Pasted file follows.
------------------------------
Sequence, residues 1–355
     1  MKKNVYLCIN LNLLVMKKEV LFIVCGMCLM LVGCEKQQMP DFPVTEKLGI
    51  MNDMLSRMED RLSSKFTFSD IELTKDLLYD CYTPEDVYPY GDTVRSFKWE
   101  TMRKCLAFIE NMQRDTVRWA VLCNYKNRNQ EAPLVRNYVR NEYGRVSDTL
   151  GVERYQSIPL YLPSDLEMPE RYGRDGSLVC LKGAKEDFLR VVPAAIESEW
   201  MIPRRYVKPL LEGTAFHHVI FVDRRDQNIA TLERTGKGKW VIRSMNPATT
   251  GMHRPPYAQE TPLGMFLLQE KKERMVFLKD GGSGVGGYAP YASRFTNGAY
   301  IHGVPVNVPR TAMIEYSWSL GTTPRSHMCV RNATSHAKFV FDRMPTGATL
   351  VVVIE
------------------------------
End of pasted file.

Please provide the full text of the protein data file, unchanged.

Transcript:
Sequence, residues 1–355
     1  MKKNVYLCIN LNLLVMKKEV LFIVCGMCLM LVGCEKQQMP DFPVTEKLGI
    51  MNDMLSRMED RLSSKFTFSD IELTKDLLYD CYTPEDVYPY GDTVRSFKWE
   101  TMRKCLAFIE NMQRDTVRWA VLCNYKNRNQ EAPLVRNYVR NEYGRVSDTL
   151  GVERYQSIPL YLPSDLEMPE RYGRDGSLVC LKGAKEDFLR VVPAAIESEW
   201  MIPRRYVKPL LEGTAFHHVI FVDRRDQNIA TLERTGKGKW VIRSMNPATT
   251  GMHRPPYAQE TPLGMFLLQE KKERMVFLKD GGSGVGGYAP YASRFTNGAY
   301  IHGVPVNVPR TAMIEYSWSL GTTPRSHMCV RNATSHAKFV FDRMPTGATL
   351  VVVIE